Lyft founder on proposed ride-sharing rules: ‘I thought Seattle wanted innovation’

Lyft co-founder John Zimmer.

Lyft co-founder John Zimmer.

Lyft co-founder John Zimmer picked Seattle as his company’s third market — Lyft is now in 20 cities — because he thought the area seemed like a leader of innovation and a place that embraced technology.

But after seeing the City of Seattle’s proposed regulations for ride-sharing startups, he isn’t too sure.

“We picked Seattle third because we thought it was such an innovative and leading city,” Zimmer said during a telephone interview this morning. “But I think others will reconsider that when they see overstepping and over-reaching by the City Council.”

The Seattle City Council Committee on Taxi, For-hire, and Limousine is meeting in just a few minutes to discuss the new draft ordinance, which would require ride-sharing companies to obtain a $50,000 annual license to operate as a transportation network company, and have no more than 100 vehicles driving a maximum of 16 hours per week, among a bevy of other rules.

[Follow-up: Here's what happened at Friday's City Council meeting]

lyft-pinkZimmer said that he’s “never seen anything like this,” in the other cities his company operates in. He said that the proposals would effectively shut down Lyft in Seattle.

Zimmer added that the city would be taking a big risk by implementing the proposed regulations and setting such a precedent.

“Technology companies won’t want to come there,” he said.

The Lyft co-founder said that the language in the proposal makes it seem like the City wants to protect existing transportation companies, which befuddles him.

“There’s no justification for the protectionism,” he said. “Taxi revenue has been growing every year and in 2013 it hit its highest level ever according to Seattle.”

We’ll have more from the City Council meeting on GeekWire today.

  • DJO

    Companies that offer services that others must pay taxes to offer (like Lyft, Uber, AirBnB) aren’t so much innovating as they are operating with an artificial and unfair subsidy. Mediallion fees, hotel taxes, etc are a fact of life for their competitors. Take those away and there goes the “innovation”. Real innovation is providing a better offering without needing to dodge taxes.

    • go ride sharing

      getting a car on-demand using your mobile phone in minutes and reducing the friction of payment (via the in-app payment) and receiving excellent/responsive customer service from uber/lyft, to me, is innovation over the status quo of the taxi industry. it is definitely a better offering.

      • That Guy

        As long as they follow the same rules as everyone else, fine. At the moment, they don’t.

      • Nick A

        Taxi cabs overcharge, people can’t afford them. Sorry if you are a Taxi driver just become a Lyft or Uber driver, stop trying to stay in the past. The worst part of america are people who try to fight for how things have always been, constant change is the only thing that is best for everyone.

        • ClaimsAdjuster

          UberX charges the same rates as taxis.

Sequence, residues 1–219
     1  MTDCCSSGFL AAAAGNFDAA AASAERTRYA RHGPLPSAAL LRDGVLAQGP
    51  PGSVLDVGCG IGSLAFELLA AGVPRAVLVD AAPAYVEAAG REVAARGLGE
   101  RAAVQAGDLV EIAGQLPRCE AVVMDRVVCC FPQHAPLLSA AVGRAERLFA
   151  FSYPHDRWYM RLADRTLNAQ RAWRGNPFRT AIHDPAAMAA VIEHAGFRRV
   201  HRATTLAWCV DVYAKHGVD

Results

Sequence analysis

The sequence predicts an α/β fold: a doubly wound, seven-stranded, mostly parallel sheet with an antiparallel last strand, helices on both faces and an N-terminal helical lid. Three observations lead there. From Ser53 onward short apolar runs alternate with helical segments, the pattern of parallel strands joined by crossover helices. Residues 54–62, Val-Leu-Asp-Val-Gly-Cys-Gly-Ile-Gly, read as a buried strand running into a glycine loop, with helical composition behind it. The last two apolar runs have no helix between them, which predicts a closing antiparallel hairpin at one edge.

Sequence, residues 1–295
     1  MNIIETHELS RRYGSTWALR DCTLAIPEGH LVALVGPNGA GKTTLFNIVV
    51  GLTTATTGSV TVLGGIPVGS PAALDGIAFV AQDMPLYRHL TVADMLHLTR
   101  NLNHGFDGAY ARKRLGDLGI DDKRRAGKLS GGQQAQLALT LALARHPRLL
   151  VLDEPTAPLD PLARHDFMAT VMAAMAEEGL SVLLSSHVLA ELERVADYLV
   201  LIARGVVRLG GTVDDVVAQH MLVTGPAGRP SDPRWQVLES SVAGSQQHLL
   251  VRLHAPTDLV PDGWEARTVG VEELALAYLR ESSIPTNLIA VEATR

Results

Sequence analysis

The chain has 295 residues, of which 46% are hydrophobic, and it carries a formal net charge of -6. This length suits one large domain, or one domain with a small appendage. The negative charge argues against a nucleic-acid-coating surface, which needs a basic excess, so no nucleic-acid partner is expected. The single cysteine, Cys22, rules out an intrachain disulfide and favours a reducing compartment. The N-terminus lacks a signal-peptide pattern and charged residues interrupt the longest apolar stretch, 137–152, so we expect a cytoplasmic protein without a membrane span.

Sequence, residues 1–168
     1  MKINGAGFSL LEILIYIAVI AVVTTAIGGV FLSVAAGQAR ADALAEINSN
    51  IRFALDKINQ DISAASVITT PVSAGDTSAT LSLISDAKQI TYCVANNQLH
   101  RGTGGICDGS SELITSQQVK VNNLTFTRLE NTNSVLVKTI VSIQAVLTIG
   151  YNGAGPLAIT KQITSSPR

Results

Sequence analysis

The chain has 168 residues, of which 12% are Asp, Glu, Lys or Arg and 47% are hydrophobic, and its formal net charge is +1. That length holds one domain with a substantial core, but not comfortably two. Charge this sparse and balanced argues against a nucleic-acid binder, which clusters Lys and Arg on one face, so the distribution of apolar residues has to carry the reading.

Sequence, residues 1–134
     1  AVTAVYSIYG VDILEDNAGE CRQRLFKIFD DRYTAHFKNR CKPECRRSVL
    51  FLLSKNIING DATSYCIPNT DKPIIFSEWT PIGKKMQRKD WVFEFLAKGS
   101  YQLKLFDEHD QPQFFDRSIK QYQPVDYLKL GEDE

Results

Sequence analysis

• That Guy

            Actually, in New York City they charge “time of day” rates that are 8 times as high during rush hour.

        • That Guy

          @NickA, do you feel the same way about the NSA looking at every e-mail you send? Constant change is best, buddy! Never question it!

          • Nick A

            I dont like surge pricing at all the rates should be fixed like cabs thats the only thigs cabs do right. But you know what annoys me more is the amount of times Ive gotten in a cab only to find out that its cash only and waste my time and.drive me to an atm or bank to pay them because they dont want to accept cards.

            Sure cab companies are getting shafted by these startups that dont want to play by the rules. But lets be honest these rules were set up so that only a select few could run services to drive others around in a semi affordable fashion (cost of licensing/Insurance). Public transportation in most cities is lacking and this is a great filler until such time we dont all drive cars anymore.

          • That Guy

            Then ask the cab driver before you get in. If he won’t take plastic, don’t get in. As for not driving cars anymore, good luck with that. You wouldn’t be one of these whackjobs who has declared war on the privately-owned automobile, would you?

    • Justin Graham

      The ways Lyft, Uber, Sidecar are innovating

      1. On-Demand booking through a mobile device with reliable ETA
      2. Automatic payment of fare+tip, electronically, with a credit card of my choosing (Visa, MC, AMEX)
      3. Providing an easier way for people to get into the business of providing transportation services by using their own vehicle and setting up as a 1099 contractor
      4. Providing a cleaner, safer, and more enjoyable ride experience for their customers that is consistent and enforced through ratings (when was the last time you could easily rate your taxi driver)
      5. Speed of egress from ride. Riders no longer have to take out their wallet, hand a card, sign a receipt, argue with driver over paying with a credit card vs. cash, wait for transaction to clear, tip, etc etc.
      6. Solving a clear issue in Seattle with lack of reliable taxi type transportation, especially on evenings with large events.

      • That Guy

        Lyft and Uber rely upon uninsured drivers. It’s a scam. I rarely find much to support when it comes to the Seattle city council, but this time they did it right.

        • disqus_Xx0Y3HsNsJ

          Lyft drivers are required to have insurance just like any other driver on the road, and they are subject to feedback and constant ratings that keep them acting and behaving professionally….unlike taxis. IF a Lyft driver does a bad job, they won’t have a job for long, period.

          • ClaimsAdjuster

            Insurance like “any other driver on the road” does not cover businesses that transport passengers. That is why cabs in Seattle are paying $6,500 to $13,500 a year for insurance.